Despite state downgrade, city of Champaign's credit still resilient

Despite state downgrade, city of Champaign's credit still resilient

During the summer, when Standard & Poor's downgraded the federal credit rating, I wrote that Champaign's finances were "resilient."

Last week, Moody's made Illinois its lowest-rated state in the nation when the credit agency downgraded the state from A1 to A2. According to Moody's, Illinois is behind even California when it comes to the states' ability to pay their bills (but don't worry, according to the other two agencies, Illinois is only the second-worst in the nation, ahead of California).

Despite the downgrade, it looks like the city of Champaign's finances are still resilient. Champaign Finance Director Richard Schnuer believes it will not affect the city's credit rating. He wrote this in an email to me:

"The agencies that rate the City's debt (Moody's and Fitch) have not made any announcements concerning possible adverse effects on local governments of the state downgrading. If the rating agencies had thought this was an issue they would likely have notified clients and the public."

Further, he said the city's credit rating was higher than the state's before the downgrade, anyway (actually, the city has the highest possible credit rating), so the overall picture has not changed.

That being said, there's still a small risk to the city in regards to its short-term finances. Illinois municipalities receive a portion of income tax revenue in the form of payments from the state. Those payments are proportional to a city's population, and for Champaign, it's several million dollars per year.

And like all the state's bills, there's not always a guarantee that payments will be made on time -- or ever.

Gov. Pat Quinn has said in the past that he has considered cutting those shared revenue payments to municipalities. The downgrade of the state's credit rating doesn't necessarily add to that threat, but it does raise the question of whether the state would cut shared revenue to pay other bills (pension payments, for example) in an attempt to improve its credit rating.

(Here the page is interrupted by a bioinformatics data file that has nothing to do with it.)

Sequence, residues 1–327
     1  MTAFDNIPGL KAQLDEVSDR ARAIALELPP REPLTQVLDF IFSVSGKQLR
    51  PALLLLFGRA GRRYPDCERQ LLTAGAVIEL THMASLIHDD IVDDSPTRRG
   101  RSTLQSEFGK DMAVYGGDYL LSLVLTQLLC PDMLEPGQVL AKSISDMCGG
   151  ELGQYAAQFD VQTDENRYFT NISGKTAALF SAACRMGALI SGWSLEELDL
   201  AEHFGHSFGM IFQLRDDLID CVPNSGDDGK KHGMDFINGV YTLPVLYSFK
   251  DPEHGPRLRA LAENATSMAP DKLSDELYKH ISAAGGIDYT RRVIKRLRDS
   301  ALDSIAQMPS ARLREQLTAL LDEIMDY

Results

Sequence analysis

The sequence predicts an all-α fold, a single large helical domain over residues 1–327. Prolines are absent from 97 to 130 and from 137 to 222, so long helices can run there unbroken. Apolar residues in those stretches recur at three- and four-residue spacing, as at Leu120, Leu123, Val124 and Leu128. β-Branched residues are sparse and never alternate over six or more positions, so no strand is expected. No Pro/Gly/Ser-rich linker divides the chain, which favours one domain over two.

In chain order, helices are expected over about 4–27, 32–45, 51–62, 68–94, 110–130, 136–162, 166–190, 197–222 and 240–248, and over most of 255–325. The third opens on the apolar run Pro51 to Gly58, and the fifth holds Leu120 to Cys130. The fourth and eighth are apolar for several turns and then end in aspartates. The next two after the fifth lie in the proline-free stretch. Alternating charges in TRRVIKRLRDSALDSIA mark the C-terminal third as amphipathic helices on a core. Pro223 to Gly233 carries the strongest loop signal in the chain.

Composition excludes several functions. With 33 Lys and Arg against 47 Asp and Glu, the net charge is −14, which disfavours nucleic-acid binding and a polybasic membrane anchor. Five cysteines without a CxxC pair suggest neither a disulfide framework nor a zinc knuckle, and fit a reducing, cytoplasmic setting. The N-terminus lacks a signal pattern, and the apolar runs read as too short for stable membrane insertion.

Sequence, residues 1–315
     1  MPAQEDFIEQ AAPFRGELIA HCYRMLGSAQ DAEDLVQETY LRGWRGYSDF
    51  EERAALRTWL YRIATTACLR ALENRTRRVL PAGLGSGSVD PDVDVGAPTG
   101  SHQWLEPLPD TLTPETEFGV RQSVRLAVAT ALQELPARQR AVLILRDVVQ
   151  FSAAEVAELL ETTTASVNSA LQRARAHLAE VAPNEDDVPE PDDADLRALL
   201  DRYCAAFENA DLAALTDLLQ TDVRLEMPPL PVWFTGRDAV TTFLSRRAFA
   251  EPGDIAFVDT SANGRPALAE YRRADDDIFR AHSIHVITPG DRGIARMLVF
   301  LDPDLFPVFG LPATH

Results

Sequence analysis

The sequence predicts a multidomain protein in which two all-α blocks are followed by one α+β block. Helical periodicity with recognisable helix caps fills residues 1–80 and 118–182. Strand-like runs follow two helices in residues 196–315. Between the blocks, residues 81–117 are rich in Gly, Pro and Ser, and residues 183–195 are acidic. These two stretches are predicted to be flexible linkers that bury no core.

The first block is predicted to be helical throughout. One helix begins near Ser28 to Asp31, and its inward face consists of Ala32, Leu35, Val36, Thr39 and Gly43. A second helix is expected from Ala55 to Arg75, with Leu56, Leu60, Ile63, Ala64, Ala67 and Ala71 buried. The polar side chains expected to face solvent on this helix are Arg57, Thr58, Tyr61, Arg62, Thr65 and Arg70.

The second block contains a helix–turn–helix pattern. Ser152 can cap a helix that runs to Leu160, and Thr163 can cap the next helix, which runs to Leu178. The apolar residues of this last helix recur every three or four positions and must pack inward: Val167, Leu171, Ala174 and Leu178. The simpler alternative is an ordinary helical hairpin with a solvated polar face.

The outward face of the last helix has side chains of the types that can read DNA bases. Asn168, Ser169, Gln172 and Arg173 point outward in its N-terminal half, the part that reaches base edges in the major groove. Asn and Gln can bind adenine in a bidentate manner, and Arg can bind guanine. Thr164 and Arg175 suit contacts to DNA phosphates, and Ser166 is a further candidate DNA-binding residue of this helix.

Just like with your personal finances, a lower credit rating ultimately affects the state's ability to get good interest rates on loans. Higher interest rates make those multi-million dollar capital projects that much more expensive, which means a heavier burden for taxpayers.

A hypothetical shared-revenue cut wouldn't affect the city's long-term ability to pay its bills (like pensions or bonds), Schnuer wrote, so it's unlikely to affect the city's credit rating. But it could have a short-term effect.

"If the State were to cut a significant portion of state-shared revenue to municipalities, the City would have to increase revenues or cut services to fill the budget gap," Schnuer wrote.

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Sid Saltfork wrote on January 12, 2012 at 3:01 pm

Notice how the story is about Champaign's credit rating; but the News Gazette manages to inject the State of Illinois pension issue?   If the state reduces, or cuts it's state-shared revenue to municipalities; Champaign would have to increase revenues.  This is the fault of state pension holders, of course, in the view of the News Gazette.   If revenues need to be increased, just steal the pensions of the workers?  Theft is theft no matter how you justify it.  

Patrick Wade wrote on January 12, 2012 at 3:01 pm
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Thanks for your comment.

I apologize if I gave the impression that pensions are the only problem. I only meant to use it as an example of where the state might start sending more money. I chose to single out pensions because, since the downgrade, it's the only kind of reform that I've seen mentioned by state officials as a potential solution to the state's dismal credit rating.

That being said, the state is also behind on all kinds payments to all kinds of agencies, from social services to municipalities to bond payments. I didn't focus on any of these, because I haven't seen reports of them being mentioned by state officials in the context of last week's credit rating downgrade. But these, too, all factor in to Moody's decision.

Sid Saltfork wrote on January 12, 2012 at 10:01 pm

I understand.  The state owes money to various groups.  My concern is that the legislators are unwilling to curb spending, especially for their pork barrel projects in their home areas.  They, also, have assisted corporations in legislation (tax cuts) in return for "campaign donations".   The public cannot continue to pursue "wants" versus "needs".   If a municipality wants to pursue investigations, buy more statues, or fund summer youth programs; they should fund it thru tax increases; not by pushing for state employees pensions be stolen to fund it.  There is not enough money.  Now, it seems that the only solution being sought is to violate the state constitution; and steal public employees pensions.  Your right.  The only thing "mentioned by state officials" is pension "reform".  Please look at the legislators.  Look at their "campaign donations"; who provided them; and what they got for the payoffs.  Look at their pension system which they have funded while skipping (stealing) employee pension funding.  I understand your use of the pension reform in your article; but please state all of the facts.  The employees did nothing wrong.  The legislators did the wrong; and the public encouraged it. Thanks for responding.